Protect the vehicle: Tracking software locates a stolen car and disables it at the next practical opportunity. “Geofencing” technology creates invisible fences around the car that will enable notifications when the car enters or exits a predefined area or route.
Improve the vehicle experience: By adding connectivity, customers will be able to have access to advance vehicle diagnostic services, allowing the car manufacturer to deliver unique features. Collecting real usage data will also support vehicle engineering to improve manufacturing quality.
Meet Aston Martin F1’s incredible moving data centre
The Aston Martin Red Bull Racing team faces a great deal more IT challenges than your average enterprise as not many IT teams have to rebuild their data center 21 times each year and get it running it up in a matter of hours. Not many data centers are packed up and transported around the world by air and sea along with 45 tonnes of equipment. Not many IT technicians also have to perform a dual role as pit stop mechanic.
The trackside garage at an F1 race is a tight working environment and a team of only two IT technicians face pressure from both the factory and trackside staff to get the trackside IT up and running very fast. Yet, despite all these pressures, Aston Martin Red Bull Racing do not have a cloud-led strategy. Instead they have chosen to keep all IT in house.
The reason for this is performance. F1 is arguably the ultimate performance sport. A walk round the team’s factory in Milton Keynes, England, makes it abundantly clear that the whole organization is hell bent on maximizing performance. 700 staff at the factory are all essentially dedicated to the creation of just two cars. The level of detail that is demanded in reaching peak performance is truly mind blowing. For example, one machine with a robotic arm that checks the dimensions of the components built at the factory is able to measure accuracy to a scale 10 times thinner than a human hair.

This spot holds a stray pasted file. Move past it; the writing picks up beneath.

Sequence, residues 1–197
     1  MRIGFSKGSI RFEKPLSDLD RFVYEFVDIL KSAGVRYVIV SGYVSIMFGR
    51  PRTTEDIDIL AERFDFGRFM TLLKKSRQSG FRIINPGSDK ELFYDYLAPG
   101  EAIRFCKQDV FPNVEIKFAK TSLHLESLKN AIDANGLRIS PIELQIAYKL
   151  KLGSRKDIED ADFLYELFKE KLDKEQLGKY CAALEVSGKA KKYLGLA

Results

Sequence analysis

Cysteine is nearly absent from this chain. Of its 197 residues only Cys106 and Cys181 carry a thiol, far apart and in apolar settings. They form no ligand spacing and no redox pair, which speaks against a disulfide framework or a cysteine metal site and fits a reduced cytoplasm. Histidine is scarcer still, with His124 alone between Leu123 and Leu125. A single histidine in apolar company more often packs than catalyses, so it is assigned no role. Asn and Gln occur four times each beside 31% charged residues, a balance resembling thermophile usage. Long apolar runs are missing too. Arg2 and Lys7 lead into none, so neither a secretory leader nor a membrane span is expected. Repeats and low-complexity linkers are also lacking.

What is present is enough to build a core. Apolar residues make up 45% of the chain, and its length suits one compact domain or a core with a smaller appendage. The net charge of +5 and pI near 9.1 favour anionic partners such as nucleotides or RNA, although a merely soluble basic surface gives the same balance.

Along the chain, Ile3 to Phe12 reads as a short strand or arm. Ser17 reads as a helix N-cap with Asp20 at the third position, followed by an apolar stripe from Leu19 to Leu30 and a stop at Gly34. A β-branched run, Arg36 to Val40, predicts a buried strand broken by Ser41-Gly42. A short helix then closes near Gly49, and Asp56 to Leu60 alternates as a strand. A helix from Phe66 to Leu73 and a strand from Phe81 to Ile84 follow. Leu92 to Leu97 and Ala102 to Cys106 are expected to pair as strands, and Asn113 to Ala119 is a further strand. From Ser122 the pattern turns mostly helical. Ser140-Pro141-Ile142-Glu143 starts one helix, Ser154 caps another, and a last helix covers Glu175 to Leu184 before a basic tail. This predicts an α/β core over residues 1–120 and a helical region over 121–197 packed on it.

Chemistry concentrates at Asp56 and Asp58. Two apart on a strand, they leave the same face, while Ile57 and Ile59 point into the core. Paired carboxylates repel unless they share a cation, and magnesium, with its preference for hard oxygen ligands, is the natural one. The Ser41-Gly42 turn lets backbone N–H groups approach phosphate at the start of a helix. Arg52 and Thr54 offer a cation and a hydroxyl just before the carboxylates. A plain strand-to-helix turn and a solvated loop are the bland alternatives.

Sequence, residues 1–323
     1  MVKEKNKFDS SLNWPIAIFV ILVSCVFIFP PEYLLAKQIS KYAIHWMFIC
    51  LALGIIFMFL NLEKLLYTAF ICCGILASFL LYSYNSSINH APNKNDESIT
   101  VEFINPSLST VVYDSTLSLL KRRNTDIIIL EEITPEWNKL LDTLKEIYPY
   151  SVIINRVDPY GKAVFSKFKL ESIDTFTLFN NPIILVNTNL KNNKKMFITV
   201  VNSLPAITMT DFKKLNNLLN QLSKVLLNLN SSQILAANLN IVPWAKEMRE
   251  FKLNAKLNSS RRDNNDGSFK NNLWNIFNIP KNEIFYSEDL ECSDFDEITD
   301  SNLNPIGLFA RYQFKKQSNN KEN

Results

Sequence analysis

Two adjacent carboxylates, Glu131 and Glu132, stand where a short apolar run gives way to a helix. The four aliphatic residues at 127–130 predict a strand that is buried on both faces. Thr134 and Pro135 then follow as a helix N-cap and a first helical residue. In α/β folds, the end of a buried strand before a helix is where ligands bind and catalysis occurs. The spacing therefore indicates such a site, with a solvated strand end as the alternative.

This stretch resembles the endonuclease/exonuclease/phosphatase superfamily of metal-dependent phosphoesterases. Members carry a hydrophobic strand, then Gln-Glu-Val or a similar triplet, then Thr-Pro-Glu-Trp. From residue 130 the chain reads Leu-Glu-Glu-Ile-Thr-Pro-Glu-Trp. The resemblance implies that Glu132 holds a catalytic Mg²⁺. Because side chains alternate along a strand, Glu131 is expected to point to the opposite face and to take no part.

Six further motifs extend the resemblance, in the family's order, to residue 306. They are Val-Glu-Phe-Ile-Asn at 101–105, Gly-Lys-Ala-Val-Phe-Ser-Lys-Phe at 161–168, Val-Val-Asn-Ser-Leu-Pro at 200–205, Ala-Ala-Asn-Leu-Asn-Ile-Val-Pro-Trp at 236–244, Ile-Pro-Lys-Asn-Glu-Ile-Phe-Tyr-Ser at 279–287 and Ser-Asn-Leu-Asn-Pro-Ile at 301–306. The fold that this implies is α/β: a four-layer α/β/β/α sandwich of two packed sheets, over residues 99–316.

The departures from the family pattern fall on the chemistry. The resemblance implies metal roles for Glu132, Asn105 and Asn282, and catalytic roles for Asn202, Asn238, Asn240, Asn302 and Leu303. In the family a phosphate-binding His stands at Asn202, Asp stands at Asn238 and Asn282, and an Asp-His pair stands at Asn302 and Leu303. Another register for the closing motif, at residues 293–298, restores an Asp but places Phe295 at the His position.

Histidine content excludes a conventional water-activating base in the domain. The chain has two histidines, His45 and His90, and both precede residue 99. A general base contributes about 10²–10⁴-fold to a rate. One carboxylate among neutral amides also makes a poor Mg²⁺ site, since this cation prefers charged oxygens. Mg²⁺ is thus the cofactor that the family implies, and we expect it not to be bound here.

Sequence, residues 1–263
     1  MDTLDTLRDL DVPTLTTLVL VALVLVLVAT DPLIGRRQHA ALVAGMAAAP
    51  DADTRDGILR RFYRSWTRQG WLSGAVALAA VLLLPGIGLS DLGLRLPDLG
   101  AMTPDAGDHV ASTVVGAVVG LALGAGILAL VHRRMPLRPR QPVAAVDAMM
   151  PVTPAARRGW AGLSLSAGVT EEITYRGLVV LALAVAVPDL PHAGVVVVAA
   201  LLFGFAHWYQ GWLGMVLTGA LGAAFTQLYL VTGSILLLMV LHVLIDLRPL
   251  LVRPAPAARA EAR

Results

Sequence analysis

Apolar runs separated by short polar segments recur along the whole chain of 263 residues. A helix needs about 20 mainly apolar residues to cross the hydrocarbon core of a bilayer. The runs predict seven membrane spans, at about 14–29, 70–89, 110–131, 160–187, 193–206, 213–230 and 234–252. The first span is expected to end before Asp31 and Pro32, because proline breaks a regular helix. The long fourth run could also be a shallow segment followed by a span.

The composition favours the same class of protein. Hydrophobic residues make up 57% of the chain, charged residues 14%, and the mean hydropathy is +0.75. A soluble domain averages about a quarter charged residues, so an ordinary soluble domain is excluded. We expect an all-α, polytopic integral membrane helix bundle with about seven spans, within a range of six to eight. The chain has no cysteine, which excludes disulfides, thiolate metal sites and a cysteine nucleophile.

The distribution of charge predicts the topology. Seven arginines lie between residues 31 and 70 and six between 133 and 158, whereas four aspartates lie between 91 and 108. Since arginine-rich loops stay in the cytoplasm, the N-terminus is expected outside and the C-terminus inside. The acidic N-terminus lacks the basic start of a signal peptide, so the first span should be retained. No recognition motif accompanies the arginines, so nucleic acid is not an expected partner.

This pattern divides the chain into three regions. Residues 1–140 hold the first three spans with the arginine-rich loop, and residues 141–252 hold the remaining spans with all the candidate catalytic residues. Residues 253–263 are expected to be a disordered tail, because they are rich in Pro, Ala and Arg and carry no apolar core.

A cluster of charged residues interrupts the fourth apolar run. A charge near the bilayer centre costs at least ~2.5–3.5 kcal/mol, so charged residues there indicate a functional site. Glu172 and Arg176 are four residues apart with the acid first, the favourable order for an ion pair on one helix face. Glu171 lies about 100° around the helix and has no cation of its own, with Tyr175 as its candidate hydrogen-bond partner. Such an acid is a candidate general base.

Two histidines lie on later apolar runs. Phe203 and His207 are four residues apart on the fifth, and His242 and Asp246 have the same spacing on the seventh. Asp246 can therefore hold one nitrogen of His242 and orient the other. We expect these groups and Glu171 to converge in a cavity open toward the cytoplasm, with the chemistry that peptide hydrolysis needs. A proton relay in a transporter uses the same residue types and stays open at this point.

This quest for maximum performance, however, is hampered at every turn by the stringent rules from the F1 governing body – the FIA. Teams face restrictions on testing and technology usage in order to prevent the sport becoming an arms race. So, for example, pre-season track testing is limited to only 8 days. Furthermore, wind tunnel testing is only allowed with 60% scale models and wind tunnel-usage is balanced with the use of Computational Fluid Dynamics (CFD) software, essentially a virtual wind tunnel. Teams that overuse one, lose time with the other.
In order to maximize performance within uniquely difficult logistical and regulatory conditions, the Aston Martin Red Bull Racing team has had to deploy a very powerful and agile IT estate.
According to Neil Bailey, Head of IT Infrastructure, Enterprise Architecture and Innovation, their legacy trackside infrastructure was “creaking”. Before choosing hyperconverged infrastructure, their “traditional IT had reached its limits”, says Bailey. “When things reach their limits they break, just like a car,” adds Bailey.
The team’s biggest emphasis for switching to HPE’s hyperconverged infrastructure, SimpliVity, was performance. Now, with “the extra performance of SimpliVity, it means it doesn’t get to its limits,” says Bailey. HPE SimpliVity has helped reduce space, has optimized processing power and brought more agility.
One of the first and most important use cases they switched to hyperconverged infrastructure was post-processing trackside data. During a race weekend each car is typically fitted with over 100 sensors providing key data on things like tyre temperature and downforce multiple times per second. Processing this data and acting on the insights is key to driving performance improvements. With their legacy infrastructure, Bailey says they were “losing valuable track time during free practice waiting for data processing to take place.” Since switching to HPE SimpliVity, data processing has dropped from being more than 15 minutes to less than 5 minutes. Overall, the team has seen a 79% performance boost compared to the legacy architecture. This has allowed for real time race strategy analysis and has improved race strategy decision making.
Data insights helps the team stay one step ahead, as race strategy decisions are data driven. For example, real time tyre temperature data helps the team judge tyre wear and make pit stop decisions. Real time access to tyre data helped the team to victory at the 2018 Chinese Grand Prix as the Aston Martin Red Bull cars pitted ahead of the rest of the field and Daniel Ricciardo swept to a memorable victory.